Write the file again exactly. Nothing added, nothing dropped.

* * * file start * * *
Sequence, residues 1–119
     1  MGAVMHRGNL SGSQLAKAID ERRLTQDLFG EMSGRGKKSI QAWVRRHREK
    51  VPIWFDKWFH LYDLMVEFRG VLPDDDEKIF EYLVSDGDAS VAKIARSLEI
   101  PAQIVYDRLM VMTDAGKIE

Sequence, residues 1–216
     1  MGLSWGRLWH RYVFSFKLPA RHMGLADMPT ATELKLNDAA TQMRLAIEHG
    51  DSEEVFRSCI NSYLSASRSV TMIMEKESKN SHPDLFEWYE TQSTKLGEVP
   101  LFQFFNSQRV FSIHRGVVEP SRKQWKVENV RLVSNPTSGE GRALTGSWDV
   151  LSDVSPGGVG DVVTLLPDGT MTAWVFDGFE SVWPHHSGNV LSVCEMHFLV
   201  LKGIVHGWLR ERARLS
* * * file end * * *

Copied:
Sequence, residues 1–119
     1  MGAVMHRGNL SGSQLAKAID ERRLTQDLFG EMSGRGKKSI QAWVRRHREK
    51  VPIWFDKWFH LYDLMVEFRG VLPDDDEKIF EYLVSDGDAS VAKIARSLEI
   101  PAQIVYDRLM VMTDAGKIE

Sequence, residues 1–216
     1  MGLSWGRLWH RYVFSFKLPA RHMGLADMPT ATELKLNDAA TQMRLAIEHG
    51  DSEEVFRSCI NSYLSASRSV TMIMEKESKN SHPDLFEWYE TQSTKLGEVP
   101  LFQFFNSQRV FSIHRGVVEP SRKQWKVENV RLVSNPTSGE GRALTGSWDV
   151  LSDVSPGGVG DVVTLLPDGT MTAWVFDGFE SVWPHHSGNV LSVCEMHFLV
   201  LKGIVHGWLR ERARLS